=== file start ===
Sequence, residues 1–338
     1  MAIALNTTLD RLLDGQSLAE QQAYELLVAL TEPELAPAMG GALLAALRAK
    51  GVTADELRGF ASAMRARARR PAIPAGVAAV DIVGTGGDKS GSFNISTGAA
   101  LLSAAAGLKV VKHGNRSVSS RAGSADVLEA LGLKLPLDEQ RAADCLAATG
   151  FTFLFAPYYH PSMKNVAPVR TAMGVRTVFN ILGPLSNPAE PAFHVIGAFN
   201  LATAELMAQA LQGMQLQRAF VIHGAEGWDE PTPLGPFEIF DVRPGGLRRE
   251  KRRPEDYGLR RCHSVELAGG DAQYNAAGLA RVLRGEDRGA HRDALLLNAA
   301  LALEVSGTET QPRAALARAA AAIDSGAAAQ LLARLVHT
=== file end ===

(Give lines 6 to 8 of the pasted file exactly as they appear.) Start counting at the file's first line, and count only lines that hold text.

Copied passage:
   201  LATAELMAQA LQGMQLQRAF VIHGAEGWDE PTPLGPFEIF DVRPGGLRRE
   251  KRRPEDYGLR RCHSVELAGG DAQYNAAGLA RVLRGEDRGA HRDALLLNAA
   301  LALEVSGTET QPRAALARAA AAIDSGAAAQ LLARLVHT